Predictably, Eid has caused a split among the clerical community in Pakistan again, but this year a dangerous political element has been added to it. The ulema of Peshawar have celebrated Eid on Sunday while the rest of the country was fasting, an event looked upon with great distaste by Muslims all over the world. In fact the belief is that on Eid only Satan keeps the fast. The NWFP government joined its ulema in making the rest of the country look like the followers of Satan.
The crisis of this Eid has been compounded by the fact that the NWFP government put the country on notice beforehand that it was bound by the “unofficial” moon-sighting of a Peshawar mosque Masjid Qasim Khan, and would defer to the verdict of the ulema of Saudi Arabia who usually issue the edict of Eid a day in advance of the Pakistani Eid. Promptly, the Peshawar mosque ulema declared that moon had been sighted in 44 places in the province on Saturday. The federal Ruet-e-Hilal Committee led by Mufti Munibur Rehman had not even convened yet; and the Mufti lost no time in condemning the NWFP decision to celebrate Eid separately from the rest of the country.

There is a political odour to all this. Despite the ANP government’s decision to unite the territory of the Pashtuns under one Eid separate from the rest of Pakistan, it ended up dividing the ethnic community. The people of FATA, not a part of the NWFP, claimed sightings and celebrated Eid on Sunday, but the Malakand Division, the tribal area inside the province comprising one-fourth of the province’s territory, maintained its tradition of going with the Islamabad committee under Mufti Munibur Rehman. Yet there were unpleasant incidents of some villages breaking away from this pattern too. There is another entire division of Hazara where Eid is not linked to the Peshawar clerics.

The decision of the NWFP government to follow the Peshawar clerics has not produced the desired result, if the result desired was the creation of a “Pakhtunkhwa unity”. An intra-clerical division in the province occurred when the old MMA parties, the Jama’at-e Islami and the Jamiat Ulema-e-Islam (JUI), split over the Eid moon. Retired Jama’at chief Qazi Hussain Ahmad decided to go along with the Masjid Qasim Khan verdict; Maulana Fazlur Rehman of the JUI condemned the Peshawar verdict and caused his district, Dera Ismail Khan, to refuse the Sunday Eid. It is yet to be seen whether Qazi Sahib’s decision will cause a split within the Lahore-based Jama’at led by a Karachi-based firebrand amir.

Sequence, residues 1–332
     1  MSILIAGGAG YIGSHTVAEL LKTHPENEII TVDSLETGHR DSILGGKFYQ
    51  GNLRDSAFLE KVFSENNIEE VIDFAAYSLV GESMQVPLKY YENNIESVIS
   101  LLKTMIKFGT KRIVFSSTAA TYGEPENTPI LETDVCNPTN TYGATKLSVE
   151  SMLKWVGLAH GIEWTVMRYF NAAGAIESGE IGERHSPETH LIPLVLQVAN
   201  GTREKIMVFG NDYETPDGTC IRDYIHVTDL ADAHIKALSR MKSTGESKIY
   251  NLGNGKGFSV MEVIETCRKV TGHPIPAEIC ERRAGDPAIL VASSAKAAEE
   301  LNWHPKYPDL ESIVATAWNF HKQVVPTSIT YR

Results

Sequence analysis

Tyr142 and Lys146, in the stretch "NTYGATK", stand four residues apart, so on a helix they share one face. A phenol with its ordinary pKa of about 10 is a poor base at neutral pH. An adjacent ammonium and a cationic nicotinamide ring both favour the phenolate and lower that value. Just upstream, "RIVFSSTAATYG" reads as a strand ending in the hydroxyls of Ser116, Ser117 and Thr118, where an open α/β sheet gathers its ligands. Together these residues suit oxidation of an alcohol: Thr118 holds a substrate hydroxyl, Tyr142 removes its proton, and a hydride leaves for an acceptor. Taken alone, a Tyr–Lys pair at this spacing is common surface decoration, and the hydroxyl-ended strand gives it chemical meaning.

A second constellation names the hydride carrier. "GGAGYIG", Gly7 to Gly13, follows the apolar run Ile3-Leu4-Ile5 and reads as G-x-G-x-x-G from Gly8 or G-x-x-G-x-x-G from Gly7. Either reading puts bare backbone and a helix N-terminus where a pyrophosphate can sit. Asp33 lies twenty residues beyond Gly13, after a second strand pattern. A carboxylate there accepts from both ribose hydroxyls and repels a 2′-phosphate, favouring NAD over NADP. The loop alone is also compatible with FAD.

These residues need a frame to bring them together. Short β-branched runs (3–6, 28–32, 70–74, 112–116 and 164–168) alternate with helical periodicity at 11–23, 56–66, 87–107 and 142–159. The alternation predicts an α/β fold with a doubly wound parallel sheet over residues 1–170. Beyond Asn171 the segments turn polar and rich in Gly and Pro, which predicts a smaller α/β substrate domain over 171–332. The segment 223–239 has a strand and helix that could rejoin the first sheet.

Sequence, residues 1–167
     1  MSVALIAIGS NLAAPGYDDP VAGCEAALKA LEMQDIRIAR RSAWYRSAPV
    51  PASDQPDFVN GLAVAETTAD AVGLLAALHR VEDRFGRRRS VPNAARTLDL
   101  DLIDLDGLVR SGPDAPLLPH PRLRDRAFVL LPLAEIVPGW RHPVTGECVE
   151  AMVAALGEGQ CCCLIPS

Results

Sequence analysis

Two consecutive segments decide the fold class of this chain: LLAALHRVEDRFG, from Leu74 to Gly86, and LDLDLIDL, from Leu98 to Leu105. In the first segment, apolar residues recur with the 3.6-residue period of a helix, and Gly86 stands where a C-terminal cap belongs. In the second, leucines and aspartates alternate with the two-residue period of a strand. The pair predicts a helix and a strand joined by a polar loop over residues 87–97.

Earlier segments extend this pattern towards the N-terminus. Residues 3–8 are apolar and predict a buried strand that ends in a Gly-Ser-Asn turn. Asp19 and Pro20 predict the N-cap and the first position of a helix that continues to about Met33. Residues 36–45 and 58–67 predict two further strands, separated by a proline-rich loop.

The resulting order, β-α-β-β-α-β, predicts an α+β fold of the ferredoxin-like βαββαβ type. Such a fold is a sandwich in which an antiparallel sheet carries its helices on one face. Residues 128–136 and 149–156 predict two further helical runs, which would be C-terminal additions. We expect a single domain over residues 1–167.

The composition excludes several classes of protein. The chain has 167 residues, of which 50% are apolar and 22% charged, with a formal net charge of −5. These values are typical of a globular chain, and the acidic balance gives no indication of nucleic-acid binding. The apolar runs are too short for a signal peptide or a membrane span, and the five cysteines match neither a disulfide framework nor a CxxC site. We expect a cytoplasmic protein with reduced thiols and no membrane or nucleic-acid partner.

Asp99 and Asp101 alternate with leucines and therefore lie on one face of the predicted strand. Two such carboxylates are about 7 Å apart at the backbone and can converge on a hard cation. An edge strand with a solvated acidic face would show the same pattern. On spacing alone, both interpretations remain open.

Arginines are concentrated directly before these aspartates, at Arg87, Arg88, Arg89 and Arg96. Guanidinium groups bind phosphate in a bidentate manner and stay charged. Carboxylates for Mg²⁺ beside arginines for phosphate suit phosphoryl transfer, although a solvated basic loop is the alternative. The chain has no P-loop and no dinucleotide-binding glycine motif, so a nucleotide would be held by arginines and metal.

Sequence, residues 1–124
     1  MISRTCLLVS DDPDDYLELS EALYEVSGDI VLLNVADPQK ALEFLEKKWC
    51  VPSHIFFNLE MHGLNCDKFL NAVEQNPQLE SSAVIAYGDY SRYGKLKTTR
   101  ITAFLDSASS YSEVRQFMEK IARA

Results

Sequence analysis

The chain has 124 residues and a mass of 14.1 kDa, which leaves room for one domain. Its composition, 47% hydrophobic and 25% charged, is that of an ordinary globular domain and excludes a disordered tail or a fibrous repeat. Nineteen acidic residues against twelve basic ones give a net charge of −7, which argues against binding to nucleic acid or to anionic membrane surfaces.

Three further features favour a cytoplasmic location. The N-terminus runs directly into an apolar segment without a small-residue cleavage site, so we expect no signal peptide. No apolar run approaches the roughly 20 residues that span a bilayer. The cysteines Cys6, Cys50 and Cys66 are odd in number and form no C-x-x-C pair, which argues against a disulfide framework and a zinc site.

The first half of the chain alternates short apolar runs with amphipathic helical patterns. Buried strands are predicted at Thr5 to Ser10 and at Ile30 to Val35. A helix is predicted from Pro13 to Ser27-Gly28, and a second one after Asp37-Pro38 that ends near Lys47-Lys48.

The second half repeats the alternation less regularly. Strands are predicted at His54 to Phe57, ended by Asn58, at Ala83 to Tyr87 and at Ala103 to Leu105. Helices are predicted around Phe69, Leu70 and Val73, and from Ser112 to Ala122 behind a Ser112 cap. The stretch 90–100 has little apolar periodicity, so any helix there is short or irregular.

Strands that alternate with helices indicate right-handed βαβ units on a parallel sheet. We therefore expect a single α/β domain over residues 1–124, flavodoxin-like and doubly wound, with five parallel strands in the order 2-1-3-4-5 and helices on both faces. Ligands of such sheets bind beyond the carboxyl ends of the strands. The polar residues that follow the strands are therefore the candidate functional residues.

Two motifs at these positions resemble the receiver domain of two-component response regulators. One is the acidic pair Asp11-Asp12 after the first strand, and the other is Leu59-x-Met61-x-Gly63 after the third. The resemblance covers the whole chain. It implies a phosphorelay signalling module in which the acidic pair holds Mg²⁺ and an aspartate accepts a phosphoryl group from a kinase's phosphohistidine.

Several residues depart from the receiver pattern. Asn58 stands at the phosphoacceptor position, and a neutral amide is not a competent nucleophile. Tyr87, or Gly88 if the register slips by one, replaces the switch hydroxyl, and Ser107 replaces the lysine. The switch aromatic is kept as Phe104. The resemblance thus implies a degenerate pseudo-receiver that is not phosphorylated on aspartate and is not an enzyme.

Mufti Munibur Rehman has come out of the scrap a winner if you can look at the quarrel as a game. Some years ago he was physically assaulted by the NWFP ulema during a meeting of the moon-sighting committee. His position was becoming weaker by the day as the Deobandi dominance in Pakistan grew apace. He was under threat from the followers of Al Qaeda in Karachi and was condemned by many Pashtun ulema for having issued a fatwa against suicide-bombing. The NWFP government’s decision to side with the Peshawar ulema has produced unintended results. More lethally, it may have split the population of Balochistan too because of the decision of Maulana Fazlur Rehman to disagree.

Muslims are more literalist today than in the past. Their reluctance to rely on science has split them globally and, in Pakistan’s case, at the national level. Muslim scientists say they can give a mathematically perfect date of appearance of the Shawwal moon many years in advance. They say Muslim calendars can actually lay down the Eid days accurately. But no one listens to them: the rule is to see the moon with the bare eye. Saudi Arabia might have accepted the scientific view on the quiet, resulting in the strange phenomenon of Pakistan fasting on the day when the entire Arab world and the Muslims of Europe and America were celebrating Eid.

As time passes the thin line of the first-day crescent may not be visible at all because of the pollution that goes up daily and covers the evening sky. We may actually be left quarrelling with each other over something that we can longer see, and not because it is not there.